Late Saturday morning, a young white man entered a Walmart in El Paso, Texas, and opened fire with an AK-47-style rifle, killing 20 people and injuring 26 more. Police apprehended the suspected shooter, a 21-year-old man from Allen, Texas. It didn’t take long for internet researchers to find a four-page manifesto posted less than an hour before the violence, a document that El Paso’s police chief appeared to later confirm was being examined by officials. The document had been uploaded to the notorious, unmoderated message board 8chan at 10:15 a.m. local time, and it included a request: “Do your part and spread this brothers!”
In the anti-immigrant screed, the author describes plans to perpetrate a mass shooting against the Latino people he believes are invading the United States, the weapons he will use to do it, and his white nationalist beliefs. Soon after it was first posted on 8chan, the manifesto could be found on 4chan, another message board with scant rules about what people can or cannot share. And not long after that, it was circulating as images on Twitter and Facebook and easily findable in a Google image search. Clearly someone got the author’s message.
The writer of the manifesto said he was inspired by the mosque shootings in Christchurch, New Zealand—before which the gunman, another young white man, posted a sprawling essay on 8chan as well as a link to a Facebook Live broadcast of the massacre and instructions to share. That video was removed about 45 minutes after the broadcast began, giving his audience ample time to copy the footage. It was posted to Facebook 1.5 million times in the first 24 hours after the shooting.
The involvement of 8chan is becoming a familiar detail in cases of white supremacist violence. The El Paso shooting appears to be the second one since the Christchurch massacre to draw from that killer’s playbook. About five weeks later, two hours before another young man murdered someone at a synagogue in Poway, California, the suspected shooter also posted a manifesto to 8chan. In it, he detailed his ideological rationale for mass murder and gave instructions to spread his words far and wide. Each of these shootings appeared to have been designed to go viral: A horrific act would catch the world’s attention, and a manifesto would deliver the hate-filled payload.
An anonymous, meme-filled internet backwater, 8chan has long been a place for white supremacists to indoctrinate others—mostly young white men—into bigoted ideologies. It’s difficult to put an exact time stamp on when 8chan and 4chan became prime hangouts for white nationalists and neo-Nazis, but the connections to other online venues of hate are clear.
Before 8chan and 4chan, there was Stormfront, a message board created by Ku Klux Klan Grand Wizard Don Black in 1996. For more than a decade, Stormfront was the most popular white supremacist website on the web. 4chan, founded in 2003, had become fashionable among the generally left-leaning online activists Anonymous, who were known for launching online trolling campaigns against those they politically disagreed with. There, the /pol/ message board (short for “politically incorrect”) attracted users who enjoyed trolling people with jokes about Nazis and racist tropes. Around 2012, Stormfront users reportedly noticed an opportunity to make 4channers “racially aware,” and that year, a “Redpill instruction pamphlet” to indoctrinate 4chan trolls began circulating on 4chan, according to a report in Rolling Stone. Andrew Anglin, who founded the influential neo-Nazi site the Daily Stormer, once said that 4chan is where he “got into Hitler.” Anglin later teamed up with Andrew “weev” Auernheimer, an infamous neo-Nazi troll who led vicious doxing campaigns against women, and the two helped to pioneer a meme-ified style of spreading hate that remains popular on 4chan and 8chan and across the fringe-right web today: make lots of jokes about the Holocaust and other genocides, desensitizing people to extreme hate-based violence.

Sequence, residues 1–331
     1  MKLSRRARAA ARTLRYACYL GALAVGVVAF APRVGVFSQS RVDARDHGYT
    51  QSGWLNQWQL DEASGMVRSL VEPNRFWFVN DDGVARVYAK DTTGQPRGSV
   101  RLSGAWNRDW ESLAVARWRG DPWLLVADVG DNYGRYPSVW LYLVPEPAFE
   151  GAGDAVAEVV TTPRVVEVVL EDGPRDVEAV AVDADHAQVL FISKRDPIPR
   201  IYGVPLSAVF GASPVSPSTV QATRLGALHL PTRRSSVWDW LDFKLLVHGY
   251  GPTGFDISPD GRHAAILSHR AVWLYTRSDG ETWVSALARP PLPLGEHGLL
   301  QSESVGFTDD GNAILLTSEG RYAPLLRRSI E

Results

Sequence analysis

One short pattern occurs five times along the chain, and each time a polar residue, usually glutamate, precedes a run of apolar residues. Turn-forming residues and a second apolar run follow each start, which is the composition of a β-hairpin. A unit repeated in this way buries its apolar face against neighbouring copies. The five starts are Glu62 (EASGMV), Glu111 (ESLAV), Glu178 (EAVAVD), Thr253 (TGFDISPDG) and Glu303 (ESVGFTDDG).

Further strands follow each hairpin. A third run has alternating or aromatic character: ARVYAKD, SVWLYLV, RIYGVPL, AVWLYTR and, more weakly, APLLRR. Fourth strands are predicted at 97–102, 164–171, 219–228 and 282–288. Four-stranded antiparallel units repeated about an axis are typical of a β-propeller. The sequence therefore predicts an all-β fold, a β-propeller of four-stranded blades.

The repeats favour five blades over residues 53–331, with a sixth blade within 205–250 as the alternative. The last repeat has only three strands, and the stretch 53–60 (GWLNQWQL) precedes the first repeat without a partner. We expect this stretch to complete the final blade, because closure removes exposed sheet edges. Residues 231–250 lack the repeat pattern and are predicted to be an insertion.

If 4chan’s /pol/ could get pretty bad, 8chan became a destination for the very worst. The board was founded in the U.S. by Fredrick Brennan after 4chan’s owners decided to ban threads about the online harassment campaign Gamergate. While 4chan has a virtually nonexistent moderation policy, it does have rules against posting anyone’s personal information, like home addresses and phone numbers. 8chan doesn’t even have that. Whatever is too gruesome for 4chan finds a home on 8chan. That now includes enthusiasm for a white ethnostate. 8chan, now based in the Philippines, has “less restrictive moderation policies” than almost anywhere else on the internet, which has led it to become a “naturally more transgressional space” than anywhere else on the internet, according to Benjamin T. Decker, the founder of Memetica, a digital investigations consultancy.
Many people come to the politically incorrect boards of 4chan and 8chan from video game communities, where players looking to laugh at an abasing joke or chat about violent games without offending anyone can find friends. The forums are rife with in-jokes in which users routinely blur the lines between actually believing in Nazism and laughing about it. After the Poway shooter’s manifesto appeared, posters on 8chan wrote that the killer should try to “get the high score” and kill a larger number of people than the Chistchurch shooter did.
8chan isn’t only a place where people find community in their hate, but it is where they go when they want to announce mass murder to an online army that can help spread their message. Even when 8chan’s owners do feel compelled to step in—in a rarity, the suspected El Paso shooter’s original thread appears to have been removed—that army will have already gotten to work. The manifesto has been reposted again and again and again. The playbook worked.